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Valuable tips for starting your own Heirloom Tomato Seeds

Sheryl McGlochlin - Thursday, February 23, 2012



Check out the above link!

Growing all of our plants from seed

Sheryl McGlochlin - Thursday, February 23, 2012



During the early season, here in our Holladay Garden headquarters, we are busy growing nearly all of our plants from seed, before planting them in ALL of our 14+ gardens.  The work is all done here in one of our Holladay gardens.

This type of work takes a lot of attention and skill but it's so worth it.  Since we have so many gardens which require a lot of planting in a few months, it will save us a ton of money and it's such a valuable skill to learn how to do.  PLUS you know the entire history of this plant i.e. when the seed was planted, what it was fed, how it was cared for, where it grew, etc.

If you are interested in learning how to grow plants from seed, you should be helping me with this work.

It starts in February and lasts about 3 - 4 months.

Be sure and book a garden work session in Holladay if you want to help me with this work.

See our Garden Calendar for details

Become more self-reliant by learning to grow food from seed

Sheryl McGlochlin - Thursday, February 16, 2012

Why grow your own plants from seed?

  • Growing plants from seed is SO much cheaper than purchasing plants from a nursery.
  • Growing healthy, strong plants from seed is SO rewarding!   It's a very valuable skill to learn how to do and it takes practice to get it right!  But even growing ONE plant from seed and going through the whole process of transferring it into the garden, watching it grow then harvesting the fruit feels so amazing!  Try it, then if all else fails you can always wait until April or May to buy your plants from a nursery.

Growing plants from seed takes some skill and time.  I like to think of these little seedlings as little babies.  They both need constant attention but they are SO worth it when you see them start to grow and flourish!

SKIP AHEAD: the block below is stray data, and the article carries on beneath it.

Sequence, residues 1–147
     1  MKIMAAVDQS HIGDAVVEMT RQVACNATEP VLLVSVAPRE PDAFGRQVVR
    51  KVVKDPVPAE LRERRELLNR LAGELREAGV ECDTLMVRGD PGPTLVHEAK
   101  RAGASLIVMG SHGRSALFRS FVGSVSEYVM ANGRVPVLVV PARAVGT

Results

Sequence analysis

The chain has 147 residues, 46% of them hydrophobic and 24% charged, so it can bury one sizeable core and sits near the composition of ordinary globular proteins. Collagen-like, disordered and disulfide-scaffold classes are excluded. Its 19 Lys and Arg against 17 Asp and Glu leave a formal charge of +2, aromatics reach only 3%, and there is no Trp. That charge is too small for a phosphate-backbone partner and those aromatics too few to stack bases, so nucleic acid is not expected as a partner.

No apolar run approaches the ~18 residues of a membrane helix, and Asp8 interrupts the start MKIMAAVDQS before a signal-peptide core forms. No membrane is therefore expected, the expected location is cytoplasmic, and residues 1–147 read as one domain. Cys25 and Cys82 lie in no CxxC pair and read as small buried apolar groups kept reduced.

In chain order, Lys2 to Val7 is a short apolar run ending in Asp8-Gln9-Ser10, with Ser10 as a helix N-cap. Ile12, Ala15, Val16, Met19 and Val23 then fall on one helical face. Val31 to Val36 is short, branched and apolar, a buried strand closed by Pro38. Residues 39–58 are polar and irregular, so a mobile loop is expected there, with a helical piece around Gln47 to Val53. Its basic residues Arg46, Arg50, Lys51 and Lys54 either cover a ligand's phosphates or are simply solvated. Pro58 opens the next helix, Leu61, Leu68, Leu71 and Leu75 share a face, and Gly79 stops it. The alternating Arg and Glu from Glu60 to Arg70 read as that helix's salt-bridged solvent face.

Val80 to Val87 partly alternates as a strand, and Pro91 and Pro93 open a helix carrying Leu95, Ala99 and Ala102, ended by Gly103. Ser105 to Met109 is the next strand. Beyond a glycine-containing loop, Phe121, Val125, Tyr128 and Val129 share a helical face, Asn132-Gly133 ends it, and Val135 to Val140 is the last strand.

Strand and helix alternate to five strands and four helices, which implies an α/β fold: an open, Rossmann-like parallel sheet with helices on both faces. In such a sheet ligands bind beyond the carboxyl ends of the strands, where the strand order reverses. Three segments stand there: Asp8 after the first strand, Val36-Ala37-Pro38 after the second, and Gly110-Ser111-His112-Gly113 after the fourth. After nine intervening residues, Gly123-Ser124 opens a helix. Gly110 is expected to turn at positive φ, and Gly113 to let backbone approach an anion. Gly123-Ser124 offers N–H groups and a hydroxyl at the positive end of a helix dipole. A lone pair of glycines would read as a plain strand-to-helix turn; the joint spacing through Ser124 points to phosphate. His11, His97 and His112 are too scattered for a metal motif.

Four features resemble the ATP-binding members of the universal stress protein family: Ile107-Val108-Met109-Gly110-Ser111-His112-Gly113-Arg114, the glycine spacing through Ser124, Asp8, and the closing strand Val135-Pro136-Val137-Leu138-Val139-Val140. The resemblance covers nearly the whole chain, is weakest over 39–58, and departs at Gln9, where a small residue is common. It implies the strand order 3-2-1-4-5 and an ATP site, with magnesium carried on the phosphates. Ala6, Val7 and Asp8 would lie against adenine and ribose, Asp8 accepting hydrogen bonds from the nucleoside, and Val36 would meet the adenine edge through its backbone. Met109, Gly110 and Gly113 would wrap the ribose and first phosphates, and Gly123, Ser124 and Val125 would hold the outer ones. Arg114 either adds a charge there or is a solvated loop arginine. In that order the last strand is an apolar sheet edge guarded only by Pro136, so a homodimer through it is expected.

• During prosperous times, it's wise to learn how to this since it may be too late if you try to start when you are in the middle of a crisis. 
  • During prosperous times, when nurseries are nearby, you can afford to make a mistake and then, if necessary, purchase some plants.

If your family depends on you growing food, they may starve if you don't plan ahead, practice and perfect this skill. 

You will make mistakes in the beginning but each spring when it's time to plant, if you are consistent and keep working at it, you will become a pro at growing your own food from seed!

How to make Homemade Organic Containers - Part 1

Sheryl McGlochlin - Thursday, February 16, 2012

Organic Homemade Containers - Help us make these in February for our gardens!

Sheryl McGlochlin - Friday, February 10, 2012

Watch this little video and then help us make these for our gardens.

We always make at least 2000 of these containers.

They come together fast and easy.

You can make these at home.

What is needed:

  • newspaper
  • a mold using a bottle or a 2" PVC pipe
  • bowl of water
  • cookie sheet or tray to put the containers on until they are dry
  • big garbage bag to keep them all in once they are dry


NOTE:  We don't put the soil or seed in the container at this point.

How to make Homemade Organic Containers - Part 2

Sheryl McGlochlin - Friday, February 10, 2012


Watch the video to see what we do with the containers once they are made.

Sorry for part of this video that is duplicated.

Garden Update, June 2

Sheryl McGlochlin - Friday, June 03, 2011

3300 So. C Garden

Members came over and got a lot more dirt turned, in preparation of tilling this garden soon.  If you haven't been to this garden yet, you should come!  It's very beautiful with lots of green foliage everywhere.  It's one of our largest gardens on the East side of the Salt Lake valley.